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Research groups in Oxford are using a wide range of approaches to investigate obesity and understand how to prevent and treat it.

Obesity

Genetic and genomic approaches are helping to identify genetic variants that influence overall levels of adiposity and predispose to obesity as well as influence individual patterns of fat distribution, with a view to identifying potential targets for new therapies. These findings have highlighted the role of adipose tissue and the central nervous system in regulating body weight amongst other areas. The impact of variants is studied in mouse models and in adipose and other cells, helping to elucidate the mechanisms involved in the regulation of energy balance in the body.

Researchers are also studying how patterns of fat distribution – in particular the extent of central or visceral obesity - influence an individual's risk of diabetes and cardiovascular disease. With bariatric surgery offering metabolic benefits as well as a therapeutic option for obese patients, researchers are exploring the mechanisms triggered by surgery and the role that gut hormones play. The interaction between diet, gut hormones and the brain are also studied. Neuroimmune mechanisms underlying obesity, in particular the interaction between the nervous system and fat cells and the role that macrophages play, is a further area of interest.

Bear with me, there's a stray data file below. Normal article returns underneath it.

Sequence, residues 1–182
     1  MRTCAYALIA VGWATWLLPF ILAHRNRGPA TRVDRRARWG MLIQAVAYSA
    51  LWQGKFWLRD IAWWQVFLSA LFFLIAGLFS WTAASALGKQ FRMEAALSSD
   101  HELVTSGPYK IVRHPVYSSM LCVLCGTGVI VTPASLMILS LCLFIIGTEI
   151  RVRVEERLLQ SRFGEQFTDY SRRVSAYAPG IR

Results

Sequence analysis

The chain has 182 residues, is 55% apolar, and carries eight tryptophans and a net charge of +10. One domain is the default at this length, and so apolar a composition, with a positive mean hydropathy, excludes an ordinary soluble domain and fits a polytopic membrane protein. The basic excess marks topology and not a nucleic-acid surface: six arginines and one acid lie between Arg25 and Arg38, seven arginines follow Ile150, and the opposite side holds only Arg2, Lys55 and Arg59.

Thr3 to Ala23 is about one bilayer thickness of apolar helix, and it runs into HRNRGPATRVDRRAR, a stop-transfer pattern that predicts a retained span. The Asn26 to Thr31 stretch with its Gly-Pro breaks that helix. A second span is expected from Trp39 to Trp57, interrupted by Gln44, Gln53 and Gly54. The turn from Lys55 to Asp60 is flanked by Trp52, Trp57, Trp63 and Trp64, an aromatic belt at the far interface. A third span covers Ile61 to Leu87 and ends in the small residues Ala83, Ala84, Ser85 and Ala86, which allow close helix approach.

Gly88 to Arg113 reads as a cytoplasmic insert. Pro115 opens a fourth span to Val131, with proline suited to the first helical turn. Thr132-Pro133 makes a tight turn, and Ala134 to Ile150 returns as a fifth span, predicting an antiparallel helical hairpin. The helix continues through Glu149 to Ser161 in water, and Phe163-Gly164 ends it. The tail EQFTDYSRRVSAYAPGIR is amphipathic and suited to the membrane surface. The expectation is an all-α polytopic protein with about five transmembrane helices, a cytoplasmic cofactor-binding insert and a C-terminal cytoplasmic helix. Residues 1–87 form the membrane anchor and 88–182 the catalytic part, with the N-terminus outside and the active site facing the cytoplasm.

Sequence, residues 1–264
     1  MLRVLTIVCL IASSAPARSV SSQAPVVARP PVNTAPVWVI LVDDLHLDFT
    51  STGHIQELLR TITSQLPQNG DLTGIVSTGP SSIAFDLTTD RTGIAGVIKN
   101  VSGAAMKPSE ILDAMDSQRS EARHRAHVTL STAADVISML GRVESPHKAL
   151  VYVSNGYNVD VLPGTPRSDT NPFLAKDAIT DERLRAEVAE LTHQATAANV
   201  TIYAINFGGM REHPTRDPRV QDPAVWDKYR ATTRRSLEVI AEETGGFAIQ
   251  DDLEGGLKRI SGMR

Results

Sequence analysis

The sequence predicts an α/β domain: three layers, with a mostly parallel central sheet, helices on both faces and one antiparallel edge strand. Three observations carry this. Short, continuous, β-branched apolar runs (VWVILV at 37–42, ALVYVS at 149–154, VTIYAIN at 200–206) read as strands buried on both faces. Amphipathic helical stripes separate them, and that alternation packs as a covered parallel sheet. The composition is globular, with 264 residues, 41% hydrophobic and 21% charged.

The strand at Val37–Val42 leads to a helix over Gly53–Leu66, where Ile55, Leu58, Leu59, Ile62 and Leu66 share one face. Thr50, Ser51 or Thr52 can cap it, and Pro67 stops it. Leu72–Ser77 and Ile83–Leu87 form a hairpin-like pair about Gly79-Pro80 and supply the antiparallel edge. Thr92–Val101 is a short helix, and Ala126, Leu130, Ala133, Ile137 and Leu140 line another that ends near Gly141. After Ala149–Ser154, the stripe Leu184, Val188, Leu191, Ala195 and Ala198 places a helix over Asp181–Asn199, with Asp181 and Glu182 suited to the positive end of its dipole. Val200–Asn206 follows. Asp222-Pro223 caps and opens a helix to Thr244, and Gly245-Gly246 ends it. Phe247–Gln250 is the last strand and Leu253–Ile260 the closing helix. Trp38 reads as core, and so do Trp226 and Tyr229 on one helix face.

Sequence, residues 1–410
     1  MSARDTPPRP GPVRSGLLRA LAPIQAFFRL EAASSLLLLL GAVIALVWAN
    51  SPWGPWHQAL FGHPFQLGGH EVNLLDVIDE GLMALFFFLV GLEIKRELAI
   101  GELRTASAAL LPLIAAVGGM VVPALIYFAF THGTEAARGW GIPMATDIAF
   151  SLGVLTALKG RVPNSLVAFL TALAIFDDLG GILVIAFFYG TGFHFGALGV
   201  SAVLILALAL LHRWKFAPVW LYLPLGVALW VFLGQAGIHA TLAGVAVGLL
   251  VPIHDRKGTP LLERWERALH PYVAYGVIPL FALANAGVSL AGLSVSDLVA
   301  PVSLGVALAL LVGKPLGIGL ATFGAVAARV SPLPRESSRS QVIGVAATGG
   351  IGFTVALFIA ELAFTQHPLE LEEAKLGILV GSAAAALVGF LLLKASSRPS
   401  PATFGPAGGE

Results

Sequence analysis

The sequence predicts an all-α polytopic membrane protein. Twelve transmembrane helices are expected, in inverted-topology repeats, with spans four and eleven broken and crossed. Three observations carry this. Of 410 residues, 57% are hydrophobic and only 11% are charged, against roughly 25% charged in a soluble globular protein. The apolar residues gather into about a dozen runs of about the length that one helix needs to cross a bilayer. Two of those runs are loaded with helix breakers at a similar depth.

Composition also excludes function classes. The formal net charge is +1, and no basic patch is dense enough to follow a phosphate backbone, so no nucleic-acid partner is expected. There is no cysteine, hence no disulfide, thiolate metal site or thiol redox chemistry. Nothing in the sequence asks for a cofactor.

A number of groups looking to develop opportunities for intervention are interested in understanding how behaviour affects the risk of gaining weight and becoming obese. They are investigating a range of interventions to help people loose weight and assessing the different types of support available, including looking at whether interventions in shops and restaurants to change food-purchasing behaviours could improve people's health. Researchers active in this area regularly provide advice to government organisations on public health, obesity and food, and some of their research findings have helped change government policy.

Obesity is a global problem and two large international prospective cohorts led by Oxford researchers – the Mexico City Prospective Study and the China Kadoorie Biobank Study – are being used to understand the association between obesity and other metabolic diseases and the factors causing these conditions in non-UK populations.

Clinical research in the area includes studies on the impact of obesity on the cardiovascular system. Cardiac magnetic resonance imaging and spectroscopy are the main approaches used to explore the impact of obesity, and also bariatric surgery on heart metabolism and function. 

The Obesity, Diet and Lifestyle theme within the Oxford NIHR Biomedical Research Centre supports clinical research in many of these areas.